City folk are often attracted to the country life. In many parts of the United States “the country” can be less than an hour’s drive away. I have seen more than one real estate investor (myself included) attracted to rural areas and small towns, but like anything there are pros and cons to investing in rural areas and small towns.
Let me list some of the good points first.
How to Invest in Real Estate While Working a Full-Time Job
Many investors think that they need to quit their job to get started in real estate. Not true! Many investors successfully build large portfolios over the years while enjoying the stability of their full-time job. If that’s something you are interested in, then this investor’s story of how he built a real estate business while keeping his 9-5 might be helpful.
Benefits of Investing in Small Towns and Rural Areas
- Properties can be significantly cheaper than in larger, metro areas. This can mean greater cash flow or return on investment and is what makes these areas attractive.
- There is often less competition. You may be the only one bidding on the courthouse steps at that foreclosure auction or on that HUD home.
- There is often less regulation. There may not be any zoning laws or building permits to contend with.
- That small town atmosphere can be pretty tempting. “Green Acres is the place to be!”
Sounds great right? However, small towns and rural areas are not as bucolic as they first may seem, for instance…
The Downside of Investing in Small Towns and Rural Areas
- These can be much tougher markets. Properties can take much longer to rent out or sell since your market is much smaller.
- Lack of economic opportunity can restrict your pool of qualified renters or buyers. Plus if your area is dependent on one industry, say farming or a meat packing plant, things can go south pretty quickly with a drought or plant closure.
- That lack of regulation (zoning and building codes) comes with a warning: caveat emptor! And, that junkyard that popped up next door — you are just going to have to deal with it.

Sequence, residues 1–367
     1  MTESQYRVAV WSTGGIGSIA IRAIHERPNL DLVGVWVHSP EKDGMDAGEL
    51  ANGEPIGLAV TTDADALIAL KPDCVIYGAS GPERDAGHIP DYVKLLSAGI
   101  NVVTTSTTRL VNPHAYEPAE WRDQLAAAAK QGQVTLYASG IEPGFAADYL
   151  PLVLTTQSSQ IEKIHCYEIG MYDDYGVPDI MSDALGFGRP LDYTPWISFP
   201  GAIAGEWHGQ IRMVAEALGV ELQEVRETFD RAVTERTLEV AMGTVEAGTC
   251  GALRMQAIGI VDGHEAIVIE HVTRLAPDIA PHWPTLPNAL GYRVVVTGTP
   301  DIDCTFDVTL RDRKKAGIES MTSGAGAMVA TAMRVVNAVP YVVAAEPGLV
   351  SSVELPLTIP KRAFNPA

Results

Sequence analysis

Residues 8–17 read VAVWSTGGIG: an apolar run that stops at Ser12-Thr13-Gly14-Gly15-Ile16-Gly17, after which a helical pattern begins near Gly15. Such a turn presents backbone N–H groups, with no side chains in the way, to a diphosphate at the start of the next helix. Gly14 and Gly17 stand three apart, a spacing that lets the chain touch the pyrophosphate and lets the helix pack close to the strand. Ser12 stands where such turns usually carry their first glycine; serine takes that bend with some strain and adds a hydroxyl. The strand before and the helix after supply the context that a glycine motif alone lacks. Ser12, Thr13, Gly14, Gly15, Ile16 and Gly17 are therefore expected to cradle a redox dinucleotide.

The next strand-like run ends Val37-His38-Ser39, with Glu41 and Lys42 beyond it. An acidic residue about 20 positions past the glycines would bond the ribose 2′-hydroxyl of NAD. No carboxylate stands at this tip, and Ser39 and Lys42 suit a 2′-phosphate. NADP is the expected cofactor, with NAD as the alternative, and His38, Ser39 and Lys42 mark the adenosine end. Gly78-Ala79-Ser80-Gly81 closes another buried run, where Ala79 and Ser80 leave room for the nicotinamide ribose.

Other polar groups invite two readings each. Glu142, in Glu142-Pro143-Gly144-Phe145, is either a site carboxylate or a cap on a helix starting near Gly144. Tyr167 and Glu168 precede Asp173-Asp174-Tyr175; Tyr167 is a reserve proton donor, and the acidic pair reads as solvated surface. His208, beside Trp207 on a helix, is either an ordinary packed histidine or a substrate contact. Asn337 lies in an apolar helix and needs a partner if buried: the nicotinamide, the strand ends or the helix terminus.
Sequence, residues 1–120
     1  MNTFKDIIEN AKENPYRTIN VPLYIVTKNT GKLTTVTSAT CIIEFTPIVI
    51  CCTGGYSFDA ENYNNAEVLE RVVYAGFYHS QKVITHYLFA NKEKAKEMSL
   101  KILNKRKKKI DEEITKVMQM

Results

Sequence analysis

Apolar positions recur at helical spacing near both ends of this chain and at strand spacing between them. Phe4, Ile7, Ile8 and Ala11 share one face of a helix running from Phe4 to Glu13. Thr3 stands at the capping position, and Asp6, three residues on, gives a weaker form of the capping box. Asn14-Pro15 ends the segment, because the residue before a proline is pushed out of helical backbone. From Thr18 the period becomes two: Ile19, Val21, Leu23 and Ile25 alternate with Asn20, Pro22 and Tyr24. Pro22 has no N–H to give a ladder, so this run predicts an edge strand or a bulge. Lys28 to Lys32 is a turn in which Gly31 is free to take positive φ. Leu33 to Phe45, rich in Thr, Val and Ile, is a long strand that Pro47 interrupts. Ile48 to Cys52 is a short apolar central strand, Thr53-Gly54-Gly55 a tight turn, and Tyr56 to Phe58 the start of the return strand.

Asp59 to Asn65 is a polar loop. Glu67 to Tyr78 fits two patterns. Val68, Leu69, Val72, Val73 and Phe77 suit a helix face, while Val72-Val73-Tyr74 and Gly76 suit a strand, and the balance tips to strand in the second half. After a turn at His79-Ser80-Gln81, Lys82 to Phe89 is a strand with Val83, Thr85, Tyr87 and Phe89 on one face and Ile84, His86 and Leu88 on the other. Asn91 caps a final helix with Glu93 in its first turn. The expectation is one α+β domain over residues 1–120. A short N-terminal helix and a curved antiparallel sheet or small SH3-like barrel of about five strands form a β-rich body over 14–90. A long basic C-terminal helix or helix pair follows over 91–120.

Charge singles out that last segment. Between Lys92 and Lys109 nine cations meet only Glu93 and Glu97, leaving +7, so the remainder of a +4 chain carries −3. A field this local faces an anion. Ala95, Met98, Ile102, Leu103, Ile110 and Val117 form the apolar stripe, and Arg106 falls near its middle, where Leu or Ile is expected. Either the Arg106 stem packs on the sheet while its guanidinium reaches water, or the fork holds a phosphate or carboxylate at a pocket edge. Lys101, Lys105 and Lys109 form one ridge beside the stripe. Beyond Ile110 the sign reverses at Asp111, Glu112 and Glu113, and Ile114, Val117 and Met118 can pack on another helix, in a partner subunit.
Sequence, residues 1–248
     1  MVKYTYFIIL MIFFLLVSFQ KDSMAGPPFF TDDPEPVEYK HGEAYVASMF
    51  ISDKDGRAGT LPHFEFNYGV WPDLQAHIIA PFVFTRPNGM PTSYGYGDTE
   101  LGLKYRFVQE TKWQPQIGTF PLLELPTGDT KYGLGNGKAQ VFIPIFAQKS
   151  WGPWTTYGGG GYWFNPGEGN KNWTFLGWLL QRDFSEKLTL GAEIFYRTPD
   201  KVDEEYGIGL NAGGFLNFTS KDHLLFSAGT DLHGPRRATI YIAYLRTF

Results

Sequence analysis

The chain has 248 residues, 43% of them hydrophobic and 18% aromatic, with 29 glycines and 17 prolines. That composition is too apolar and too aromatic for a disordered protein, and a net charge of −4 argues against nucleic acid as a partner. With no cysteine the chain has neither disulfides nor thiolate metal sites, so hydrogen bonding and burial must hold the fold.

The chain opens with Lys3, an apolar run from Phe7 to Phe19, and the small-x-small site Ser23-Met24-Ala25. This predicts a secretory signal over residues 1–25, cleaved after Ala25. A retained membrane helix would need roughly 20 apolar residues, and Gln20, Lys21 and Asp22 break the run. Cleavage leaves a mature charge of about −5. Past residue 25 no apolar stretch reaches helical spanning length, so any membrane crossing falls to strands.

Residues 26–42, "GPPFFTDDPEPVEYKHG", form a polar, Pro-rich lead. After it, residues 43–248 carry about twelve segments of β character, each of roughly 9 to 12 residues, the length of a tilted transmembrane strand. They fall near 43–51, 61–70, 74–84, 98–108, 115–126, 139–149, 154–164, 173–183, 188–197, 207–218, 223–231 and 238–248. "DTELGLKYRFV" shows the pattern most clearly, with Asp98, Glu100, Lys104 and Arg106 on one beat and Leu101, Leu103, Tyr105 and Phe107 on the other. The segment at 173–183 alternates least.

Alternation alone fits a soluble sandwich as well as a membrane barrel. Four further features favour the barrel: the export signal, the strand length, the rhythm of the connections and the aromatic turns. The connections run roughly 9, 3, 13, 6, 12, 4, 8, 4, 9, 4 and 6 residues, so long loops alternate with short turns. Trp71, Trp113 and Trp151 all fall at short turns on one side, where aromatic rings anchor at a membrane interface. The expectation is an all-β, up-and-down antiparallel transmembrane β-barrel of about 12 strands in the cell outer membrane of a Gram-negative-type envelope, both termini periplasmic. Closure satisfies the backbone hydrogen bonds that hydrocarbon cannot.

- There is a general lack of services in rural areas and small towns. Police and fire services may be sparse or non-existent. If you have a fire, they will often call the farmers out the fields that arrive just in time to save your chimney. These conditions can make insurance payments significantly higher.
- Wells and septic tanks often take the place of water and sewer services. These can work well but they also come with their own issues. You had better learn what field lines are and where not to plant a garden or put the pool.
- You will be doing a lot of driving to show, check on and maintain your properties. Do you really want to drive an hour each way to show your property?
- That small town atmosphere, while charming, can also be stifling. You lose a lot of anonymity in a small town and often times everyone knows everyone else’s business. Plus things (like your renovations) tend to move at a much slower pace.
Small towns and rural areas can be a good place for investment. I have in the past invested in and worked in rural areas. However, just like with any endeavor, you need to really know your market and what you are getting into. Don’t just look at the great prices because the grass is not always greener out in the country.